environments. Note that a database without quotas can be filled up easily
and the database will stop serving requests to other users' databases.

There is a quota implementation already in the archives but I don't know
more about it than that it exists:

http://archives.postgresql.org/pgsql-hackers/2004-07/msg00392.php


Joachim



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Re: [HACKERS] SOC user quotas

2007-02-28 Thread Sergey E. Koposov

On Wed, 28 Feb 2007, Joshua D. Drake wrote:


The bad point is not that we would rollback the transaction. The bad
point is what happens when you need to rollback a transaction and in
your scenario it is quite plausible that a large rollback could occur,
more than once, causing the requirement of something like a vacuum full
to clean things up.


Yes, I understand, but I think, the scenario of working and always 
hitting a quota is not normal. I think you shouldn't expect perfect, 
stable performance etc. in that case. It's similar to if you'll try to 
work with PG with very little memory and/or shared memory. You can work, 
but you can easily hit these limits, and than something will not work...


regards,
Sergey

***
Sergey E. Koposov
Max Planck Institute for Astronomy/Cambridge Institute for Astronomy/Sternberg 
Astronomical Institute
Tel: +49-6221-528-349
Web: http://lnfm1.sai.msu.ru/~math
E-mail: [EMAIL PROTECTED]

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Re: [HACKERS] SOC user quotas

2007-02-28 Thread Sergey E. Koposov

On Wed, 28 Feb 2007, Joachim Wieland wrote:


On Wed, Feb 28, 2007 at 12:56:13PM -0500, Tom Lane wrote:

It hasn't ever made it onto the TODO list, which means there's not a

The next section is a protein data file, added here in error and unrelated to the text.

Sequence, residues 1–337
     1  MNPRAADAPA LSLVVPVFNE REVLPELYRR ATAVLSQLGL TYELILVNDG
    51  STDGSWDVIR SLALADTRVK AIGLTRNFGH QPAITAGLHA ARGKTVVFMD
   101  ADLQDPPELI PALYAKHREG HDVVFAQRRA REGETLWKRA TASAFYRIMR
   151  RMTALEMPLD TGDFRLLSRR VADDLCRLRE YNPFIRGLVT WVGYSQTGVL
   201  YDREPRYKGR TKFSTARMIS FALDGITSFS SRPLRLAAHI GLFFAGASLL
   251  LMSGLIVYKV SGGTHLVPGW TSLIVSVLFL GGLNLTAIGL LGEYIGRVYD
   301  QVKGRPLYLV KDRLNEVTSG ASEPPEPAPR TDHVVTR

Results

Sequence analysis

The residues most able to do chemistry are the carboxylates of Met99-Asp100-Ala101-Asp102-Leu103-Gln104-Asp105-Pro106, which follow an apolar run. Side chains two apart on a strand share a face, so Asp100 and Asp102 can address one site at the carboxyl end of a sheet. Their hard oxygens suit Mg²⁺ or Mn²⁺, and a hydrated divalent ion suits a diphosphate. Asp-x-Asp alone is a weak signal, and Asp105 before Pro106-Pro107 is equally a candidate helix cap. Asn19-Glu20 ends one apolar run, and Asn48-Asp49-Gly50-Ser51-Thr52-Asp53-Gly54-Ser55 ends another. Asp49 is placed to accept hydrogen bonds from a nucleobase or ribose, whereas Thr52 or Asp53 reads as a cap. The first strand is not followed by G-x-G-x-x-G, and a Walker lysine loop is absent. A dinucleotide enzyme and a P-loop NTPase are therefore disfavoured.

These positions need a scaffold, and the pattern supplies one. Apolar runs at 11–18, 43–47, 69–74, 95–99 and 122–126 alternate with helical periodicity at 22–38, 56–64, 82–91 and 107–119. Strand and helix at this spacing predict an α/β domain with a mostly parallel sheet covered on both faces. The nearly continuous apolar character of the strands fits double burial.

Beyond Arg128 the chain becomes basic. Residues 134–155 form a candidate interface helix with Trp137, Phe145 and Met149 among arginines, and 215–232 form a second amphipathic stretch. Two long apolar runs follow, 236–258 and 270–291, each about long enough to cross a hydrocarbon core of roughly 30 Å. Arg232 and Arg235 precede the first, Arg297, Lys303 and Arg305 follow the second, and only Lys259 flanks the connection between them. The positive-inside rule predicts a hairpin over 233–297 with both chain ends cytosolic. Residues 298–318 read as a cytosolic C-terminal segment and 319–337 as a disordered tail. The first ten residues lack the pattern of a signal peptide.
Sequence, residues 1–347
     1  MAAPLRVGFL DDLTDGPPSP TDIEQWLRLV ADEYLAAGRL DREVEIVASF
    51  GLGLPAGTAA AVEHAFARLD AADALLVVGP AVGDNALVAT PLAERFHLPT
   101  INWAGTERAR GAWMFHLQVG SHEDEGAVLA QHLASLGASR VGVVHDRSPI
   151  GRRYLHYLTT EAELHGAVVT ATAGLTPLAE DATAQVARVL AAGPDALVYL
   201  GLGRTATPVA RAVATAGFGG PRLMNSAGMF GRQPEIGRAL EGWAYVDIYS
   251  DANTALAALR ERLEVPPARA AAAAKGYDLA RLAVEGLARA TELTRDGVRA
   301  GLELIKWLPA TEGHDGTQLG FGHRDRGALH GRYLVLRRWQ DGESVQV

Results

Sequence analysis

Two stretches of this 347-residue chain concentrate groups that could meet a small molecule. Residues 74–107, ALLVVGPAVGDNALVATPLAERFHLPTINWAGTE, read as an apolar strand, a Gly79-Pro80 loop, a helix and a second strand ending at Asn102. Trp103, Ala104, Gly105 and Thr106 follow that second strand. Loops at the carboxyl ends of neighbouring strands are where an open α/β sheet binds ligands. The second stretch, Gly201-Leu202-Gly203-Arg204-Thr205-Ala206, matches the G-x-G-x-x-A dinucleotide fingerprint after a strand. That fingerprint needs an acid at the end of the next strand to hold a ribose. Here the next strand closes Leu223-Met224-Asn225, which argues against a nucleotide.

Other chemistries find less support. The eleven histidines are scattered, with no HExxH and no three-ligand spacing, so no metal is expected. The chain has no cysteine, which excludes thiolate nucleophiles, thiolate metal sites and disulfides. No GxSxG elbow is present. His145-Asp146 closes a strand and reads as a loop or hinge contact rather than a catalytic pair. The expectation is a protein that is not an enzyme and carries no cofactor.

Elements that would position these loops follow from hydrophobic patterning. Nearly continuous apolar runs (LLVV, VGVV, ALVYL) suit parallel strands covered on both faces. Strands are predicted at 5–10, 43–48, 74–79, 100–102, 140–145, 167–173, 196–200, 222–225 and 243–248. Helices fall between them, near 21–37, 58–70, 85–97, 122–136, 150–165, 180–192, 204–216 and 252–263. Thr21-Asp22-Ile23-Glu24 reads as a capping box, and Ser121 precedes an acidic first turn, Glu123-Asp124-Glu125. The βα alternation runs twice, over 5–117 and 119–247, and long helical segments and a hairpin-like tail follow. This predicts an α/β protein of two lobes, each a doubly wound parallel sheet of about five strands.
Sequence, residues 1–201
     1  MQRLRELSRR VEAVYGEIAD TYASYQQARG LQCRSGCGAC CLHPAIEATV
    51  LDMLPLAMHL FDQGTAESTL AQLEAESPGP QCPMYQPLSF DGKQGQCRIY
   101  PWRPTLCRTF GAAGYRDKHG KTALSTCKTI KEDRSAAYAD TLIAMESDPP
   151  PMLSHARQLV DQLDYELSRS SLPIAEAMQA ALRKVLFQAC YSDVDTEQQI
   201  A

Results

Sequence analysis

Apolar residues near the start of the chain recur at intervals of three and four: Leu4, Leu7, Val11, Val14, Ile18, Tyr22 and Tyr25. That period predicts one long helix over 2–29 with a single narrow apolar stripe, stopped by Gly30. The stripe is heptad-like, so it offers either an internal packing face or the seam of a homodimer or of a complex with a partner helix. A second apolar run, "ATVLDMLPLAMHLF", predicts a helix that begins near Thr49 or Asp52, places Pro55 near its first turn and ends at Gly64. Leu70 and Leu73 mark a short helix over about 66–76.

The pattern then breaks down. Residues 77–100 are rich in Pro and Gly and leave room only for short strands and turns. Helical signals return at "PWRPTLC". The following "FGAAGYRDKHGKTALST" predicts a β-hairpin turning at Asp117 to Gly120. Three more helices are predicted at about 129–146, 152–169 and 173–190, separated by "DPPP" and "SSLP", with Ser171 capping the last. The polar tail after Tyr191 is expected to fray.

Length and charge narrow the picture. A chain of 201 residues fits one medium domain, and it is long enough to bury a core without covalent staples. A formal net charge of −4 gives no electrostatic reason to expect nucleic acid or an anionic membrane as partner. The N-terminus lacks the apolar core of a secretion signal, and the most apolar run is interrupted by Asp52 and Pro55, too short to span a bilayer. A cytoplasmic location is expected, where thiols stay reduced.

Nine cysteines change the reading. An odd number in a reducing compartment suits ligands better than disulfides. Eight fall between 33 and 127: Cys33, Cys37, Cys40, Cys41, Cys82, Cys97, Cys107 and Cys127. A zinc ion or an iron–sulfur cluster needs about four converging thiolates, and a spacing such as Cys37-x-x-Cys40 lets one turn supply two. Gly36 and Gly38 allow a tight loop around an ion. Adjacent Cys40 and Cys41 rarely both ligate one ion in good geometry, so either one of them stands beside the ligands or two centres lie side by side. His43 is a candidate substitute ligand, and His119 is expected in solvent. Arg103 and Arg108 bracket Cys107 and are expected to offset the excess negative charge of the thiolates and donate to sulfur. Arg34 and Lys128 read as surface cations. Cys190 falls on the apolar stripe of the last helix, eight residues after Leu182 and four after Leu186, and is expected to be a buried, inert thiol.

consensus that we need it.


Such a patch could improve the acceptance of PostgreSQL in shared hosting
environments. Note that a database without quotas can be filled up easily
and the database will stop serving requests to other users' databases.


Yes, I agree.


There is a quota implementation already in the archives but I don't know
more about it than that it exists:

http://archives.postgresql.org/pgsql-hackers/2004-07/msg00392.php


I remember that thread, but I think there was no patch at all, at least I 
didn't see it.


Sergey

***
Sergey E. Koposov
Max Planck Institute for Astronomy/Cambridge Institute for Astronomy/Sternberg 
Astronomical Institute
Tel: +49-6221-528-349
Web: http://lnfm1.sai.msu.ru/~math
E-mail: [EMAIL PROTECTED]

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Re: [HACKERS] SOC user quotas

2007-02-28 Thread Robert Treat
On Wednesday 28 February 2007 18:02, Sergey E. Koposov wrote:
 On Wed, 28 Feb 2007, Joachim Wieland wrote:
  On Wed, Feb 28, 2007 at 12:56:13PM -0500, Tom Lane wrote:
  It hasn't ever made it onto the TODO list, which means there's not a
  consensus that we need it.
 
  Such a patch could improve the acceptance of PostgreSQL in shared hosting
  environments. Note that a database without quotas can be filled up easily
  and the database will stop serving requests to other users' databases.

 Yes, I agree.

  There is a quota implementation already in the archives but I don't know
  more about it than that it exists:
 
  http://archives.postgresql.org/pgsql-hackers/2004-07/msg00392.php

 I remember that thread, but I think there was no patch at all, at least I
 didn't see it.


Sergey, could you do a little research on what behavior other databases that 
support user quotes exhibit?  This might help folks judge whether any 
proposed solution for postgres will be above or below potential users 
expectations. 

-- 
Robert Treat
Build A Brighter LAMP :: Linux Apache {middleware} PostgreSQL

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Re: [HACKERS] SOC user quotas

2007-02-28 Thread Sergey E. Koposov

On Wed, 28 Feb 2007, Robert Treat wrote:


Sergey, could you do a little research on what behavior other databases that
support user quotes exhibit?  This might help folks judge whether any
proposed solution for postgres will be above or below potential users
expectations.


Ok, I will.

Regards,
Sergey

***
Sergey E. Koposov
Max Planck Institute for Astronomy/Cambridge Institute for Astronomy/Sternberg 
Astronomical Institute
Tel: +49-6221-528-349
Web: http://lnfm1.sai.msu.ru/~math
E-mail: [EMAIL PROTECTED]